Updated Apr 4, 2011
We were lucky enough to spend some time with a real Jamaican family. We were picked up at the airport by Mr. Palmer and went directly to Whithorn for homemade ackee & saltfish, and some real down home hospitality.
Many Jamaican's don't have much, but they're still more than happy to share & show you a good time!
I'll cherish the time we spent with Shaun's family as some of our best experiences in Jamaica.
Written Feb 10, 2010
This is a historic estate that allows you to see alot. There is a 300 yr old windmill, over 2,000 orchids, Orchid Green House, Long Hole & Round Hole water areas, Estate House relaxation, see organic coconut oil being made and the working plantation.
This place is situated in St. Mary, Jamaica and is ideal for a laid back and relaxing day.
Written Aug 8, 2009
This is a great place to see. Lots of Beaches booze and Babes. The OverProof Rum is excellent with cola. Smooth going down and messes you up. Try the coconut rum. Better rum than Pureto Rico.The women are sexxy and wild.
Written Feb 24, 2008
This is a flea market that most of the locals shop at. It is cheaper than the markets at Ocho Rios, Montego Bay, or Negril. However, due to its distance it may not be necessary to go to if you are only going to buy one item. If you are going to due bulk shopping this is the place to be. Christmas time is when they have Grand Market and there will be massive traffic both cars and people. There are also a lot of clubs in the area as well.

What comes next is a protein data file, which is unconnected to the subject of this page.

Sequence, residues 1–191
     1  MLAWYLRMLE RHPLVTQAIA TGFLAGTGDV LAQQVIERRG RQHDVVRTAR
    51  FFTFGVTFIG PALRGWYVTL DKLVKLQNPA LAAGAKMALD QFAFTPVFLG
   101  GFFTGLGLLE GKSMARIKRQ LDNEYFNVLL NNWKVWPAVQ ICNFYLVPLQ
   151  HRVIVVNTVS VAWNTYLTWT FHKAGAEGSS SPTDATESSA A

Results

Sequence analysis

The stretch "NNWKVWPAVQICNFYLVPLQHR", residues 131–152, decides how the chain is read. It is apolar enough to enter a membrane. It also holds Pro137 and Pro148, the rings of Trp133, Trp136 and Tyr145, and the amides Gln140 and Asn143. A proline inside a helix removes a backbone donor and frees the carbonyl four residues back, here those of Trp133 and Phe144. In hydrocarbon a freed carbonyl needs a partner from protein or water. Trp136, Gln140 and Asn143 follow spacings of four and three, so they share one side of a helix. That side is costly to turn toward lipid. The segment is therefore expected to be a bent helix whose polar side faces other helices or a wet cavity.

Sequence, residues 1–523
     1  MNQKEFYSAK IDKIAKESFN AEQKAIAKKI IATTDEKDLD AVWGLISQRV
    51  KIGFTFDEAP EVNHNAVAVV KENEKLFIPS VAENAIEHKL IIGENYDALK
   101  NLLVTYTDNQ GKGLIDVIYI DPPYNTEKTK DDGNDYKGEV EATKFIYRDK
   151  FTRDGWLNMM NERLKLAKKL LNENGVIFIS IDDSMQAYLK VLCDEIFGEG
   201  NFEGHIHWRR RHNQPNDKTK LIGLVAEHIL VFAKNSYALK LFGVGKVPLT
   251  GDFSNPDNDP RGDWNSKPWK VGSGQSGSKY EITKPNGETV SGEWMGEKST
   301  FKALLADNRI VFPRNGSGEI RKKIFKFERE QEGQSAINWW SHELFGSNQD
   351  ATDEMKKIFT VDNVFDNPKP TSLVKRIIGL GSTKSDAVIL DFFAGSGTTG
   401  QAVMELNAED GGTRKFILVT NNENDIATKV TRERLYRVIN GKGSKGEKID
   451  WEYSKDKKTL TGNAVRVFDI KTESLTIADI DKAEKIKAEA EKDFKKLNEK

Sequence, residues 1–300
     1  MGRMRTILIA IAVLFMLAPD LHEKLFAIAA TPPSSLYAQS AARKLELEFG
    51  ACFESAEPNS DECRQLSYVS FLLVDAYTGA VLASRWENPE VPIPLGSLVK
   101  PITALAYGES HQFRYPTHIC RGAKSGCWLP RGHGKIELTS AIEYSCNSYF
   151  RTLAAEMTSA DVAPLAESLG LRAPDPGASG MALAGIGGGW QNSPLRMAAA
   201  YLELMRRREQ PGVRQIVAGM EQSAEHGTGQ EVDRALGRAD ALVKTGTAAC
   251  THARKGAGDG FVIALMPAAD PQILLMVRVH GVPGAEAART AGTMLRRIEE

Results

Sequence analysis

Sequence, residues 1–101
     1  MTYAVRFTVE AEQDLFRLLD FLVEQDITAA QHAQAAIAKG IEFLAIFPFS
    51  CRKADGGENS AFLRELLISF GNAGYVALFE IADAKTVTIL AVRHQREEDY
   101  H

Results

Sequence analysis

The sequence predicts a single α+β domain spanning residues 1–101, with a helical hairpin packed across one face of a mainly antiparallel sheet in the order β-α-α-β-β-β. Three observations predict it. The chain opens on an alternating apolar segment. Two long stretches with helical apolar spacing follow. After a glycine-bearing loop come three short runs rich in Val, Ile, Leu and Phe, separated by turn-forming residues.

This city is located between the tourist cities of Kingston and Ocho Rios. Tour buses that tour the Blue Mountains normally pass through this city, unfortunately few stop there.
Updated Dec 27, 2007
The bush is what the country parts are nicknamed. In particular the areas in the mountains. This area is not traversed by many tourist mainly because there are few hotels or bbs in the area. However, it is beautiful and safer than other places in Jamaica. There is always a nice breeze in this area. However, at night sometimes it gets a bit cold and you will need a sweater or jacket.
Updated Dec 27, 2007
Just off the cruise ship port and next door to Island Village Mall (away from downtown) in Ocho Rios is Fisherman's Beach, a great place to relax and have lunch or dinner. The fish is fresh-caught from the fisherman who use the beach to launch their boats. The food is good and the prices are reasonable. It's mostly visited by locals and cruise ship employees who want an authentic experience in Jamaica.
Written Dec 13, 2007
Too many people see the beaches only. Jamaica has so much more to offer and has an entirely different world from any other island in the area save Cuba. It has green lush meadows, plantations full of coffee trees, farms and wonderful people. If you want to get away from "Dr. Feelgood" and his ilk head for the hills!
Updated May 31, 2007